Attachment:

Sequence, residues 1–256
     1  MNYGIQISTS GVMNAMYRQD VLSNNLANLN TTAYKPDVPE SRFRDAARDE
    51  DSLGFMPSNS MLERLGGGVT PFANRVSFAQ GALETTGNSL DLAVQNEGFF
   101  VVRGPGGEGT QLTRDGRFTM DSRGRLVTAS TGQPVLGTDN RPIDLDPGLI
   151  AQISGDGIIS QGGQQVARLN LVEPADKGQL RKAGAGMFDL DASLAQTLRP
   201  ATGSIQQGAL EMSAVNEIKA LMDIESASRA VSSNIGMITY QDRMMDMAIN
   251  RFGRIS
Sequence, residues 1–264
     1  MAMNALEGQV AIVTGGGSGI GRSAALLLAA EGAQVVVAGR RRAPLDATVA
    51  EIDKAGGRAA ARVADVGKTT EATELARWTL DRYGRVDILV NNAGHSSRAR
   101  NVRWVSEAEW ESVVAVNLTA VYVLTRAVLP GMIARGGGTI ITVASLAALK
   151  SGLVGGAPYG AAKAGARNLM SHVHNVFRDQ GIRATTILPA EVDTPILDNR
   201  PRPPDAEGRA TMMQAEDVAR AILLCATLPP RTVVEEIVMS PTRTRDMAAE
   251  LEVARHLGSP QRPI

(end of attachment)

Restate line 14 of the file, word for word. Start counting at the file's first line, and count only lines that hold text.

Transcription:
   251  LEVARHLGSP QRPI